Robert Friedland is a ‘self-made’ billionaire. He made number 645 on the Forbes list of the richest Americans in 2006, with wealth close to $1.2 billion. Described as ‘arrogant, petulant, insulting’ but also ‘intelligent’, ‘flamboyant’ and ‘an evil genius’ by his friend Doug Casey, in 2003 he was named ‘Mining’s Biggest Renegade’ at the Dirty Digger Awards.
Friedland’s companies specialize in mining where others fear to tread. His adventures have taken him to Burma and partnership with the military regime, the State Law and Order Restoration Committee (SLORC), now reborn as the State Peace and Development Council (SPDC); to Angola and Sierra Leone in the 1980s, when the mercenary outfit Executive Outcomes were active in the region; to Papua New Guinea, where the mercenary group Sandline International was also active; to desert areas of Mongolia; and now to Australia during the country’s contentious uranium boom.
According to Pratap Chatterjee of CorpWatch, Friedland was dubbed ‘Toxic Bob’ in 1969 when he was busted for trying to peddle 8,000 ‘hits’ of the hallucinogenic drug LSD to an undercover drug agent in Portland, Maine.
He attracts investors with his showmanship, bullish predictions and well-placed friends. Ventures in Oregon were based on what he claimed a Hindu god had told him. Doug Casey says: ‘He builds arguments and tells the story of his deals in such a compelling way that you feel like you have to own the stock.’
He got his start in mining in the mid-1980s when a loan from a relative bought him a joint venture with Rio Tinto Zinc in a gold mine in Nevada. His big break came in 1994 when his claim that Voisey Bay in northern Labrador was ‘the richest nickel, copper and cobalt deposit on the planet Earth’ boosted Ivanhoe shares from $4 to $167 in two years. Today he is saying similar things about Mongolia, despite producing nothing at all while spending millions on public projects to raise his profile with the locals.
In 1997 the Tasmanian Government virtually gave the Savage River iron mine to Friedland for a ‘deferred’ payment, even changing the law to exempt him from responsibility for any environmental damage it might cause. Friedland is now waxing lyrical about a uranium deposit in western Queensland – despite a ban on uranium mining in that state and widespread local opposition.
Perhaps his most infamous business dealings involve the partnership Ivanhoe Myanmar Holdings – and later Indochina Goldfields (renamed Ivanhoe Mines in 1999) – forged with the Burmese regime SLORC/SPDC. In 1994 SLORC and Ivanhoe began a lucrative joint venture at the Monywa copper mine, reputedly the most profitable in the world.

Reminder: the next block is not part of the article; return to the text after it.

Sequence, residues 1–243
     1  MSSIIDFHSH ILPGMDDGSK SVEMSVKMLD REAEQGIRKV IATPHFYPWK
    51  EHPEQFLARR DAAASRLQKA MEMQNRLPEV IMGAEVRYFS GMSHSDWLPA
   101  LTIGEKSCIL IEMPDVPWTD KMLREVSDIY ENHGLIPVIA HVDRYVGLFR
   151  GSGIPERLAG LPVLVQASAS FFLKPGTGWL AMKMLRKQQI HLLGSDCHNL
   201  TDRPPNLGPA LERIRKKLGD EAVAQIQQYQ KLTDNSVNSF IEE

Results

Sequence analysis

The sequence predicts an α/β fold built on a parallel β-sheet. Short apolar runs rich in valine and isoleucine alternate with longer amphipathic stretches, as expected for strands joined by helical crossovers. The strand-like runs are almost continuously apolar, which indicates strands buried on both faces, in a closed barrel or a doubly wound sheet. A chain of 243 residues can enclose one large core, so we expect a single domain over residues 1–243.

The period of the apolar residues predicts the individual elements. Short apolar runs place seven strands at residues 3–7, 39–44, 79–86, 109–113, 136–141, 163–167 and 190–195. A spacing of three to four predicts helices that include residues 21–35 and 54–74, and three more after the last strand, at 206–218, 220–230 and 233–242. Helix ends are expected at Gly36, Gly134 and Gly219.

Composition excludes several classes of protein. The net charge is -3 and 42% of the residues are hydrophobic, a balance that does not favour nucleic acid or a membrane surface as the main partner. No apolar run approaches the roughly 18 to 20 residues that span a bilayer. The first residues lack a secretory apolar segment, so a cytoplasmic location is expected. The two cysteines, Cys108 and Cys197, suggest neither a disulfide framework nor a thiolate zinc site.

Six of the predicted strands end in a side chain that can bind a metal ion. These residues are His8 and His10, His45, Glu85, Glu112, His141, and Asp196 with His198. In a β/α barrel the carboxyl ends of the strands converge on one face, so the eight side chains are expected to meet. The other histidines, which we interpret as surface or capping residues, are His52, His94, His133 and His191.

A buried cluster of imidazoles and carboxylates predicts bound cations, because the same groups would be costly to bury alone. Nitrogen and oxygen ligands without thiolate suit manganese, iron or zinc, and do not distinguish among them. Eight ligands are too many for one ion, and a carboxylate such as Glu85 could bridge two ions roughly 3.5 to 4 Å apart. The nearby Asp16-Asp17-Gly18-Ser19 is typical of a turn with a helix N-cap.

Lest we forget, SLORC/SPDC has a record of employing forced labour. With no environmental laws, mining operations in Burma are dirty. Even Rio Tinto refuse to do business there. Mining Watch Canada say SLORC/SPDC are being well supported by funds from Ivanhoe.
Around the world, Friedland has left a trail of environmental wreckage behind him. There was a spectacular cyanide spill from his gold mine in Summitville, Colorado, in 1993, dubbed the ‘Exxon-Valdez of the mining industry’. He avoided legal responsibility by making a timely resignation. He then tried to sue the US Environmental Protection Agency and Justice Department for ‘conspiracy, abuse of process, libel, breach of disclosure duties, loss of business opportunities and damage to reputation’. He subsequently moved his assets out of the country, reaching a settlement in 2000 for $27 million – a fraction of the $150 million needed to clean up the mess.
In 1995 the Omai gold mine holding pond collapsed, spewing 3.2 billion litres of cyanide-laced tailings into two rivers in Guyana – reputedly the largest cyanide spill in history. No reparations at all have been paid here. Though an independent report on the disaster denied any damage, there were news photographs and eyewitness accounts of dead fish, pigs and crocodiles. The mine was a joint venture between the World Bank, the Guyana Government and Friedland’s South American Goldfields. Once again, a timely resignation saved him from legal responsibility.
The threat of similar incidents was one of the reasons why people took to the streets to protest against Ivanhoe Mines in Mongolia in April 2006, burning an effigy of Friedland and camping out in the capital, Ulaanbaatar, for three weeks. The venture covers 82,000 square kilometres, an area the size of a small country, relatively untouched by industrial intervention. Even speculators are a bit skittish about Mongolia.
Ivanhoe Mines posted a loss of $23.2 million in the first quarter of 2006. Perhaps Friedland’s karma is finally catching up with him.
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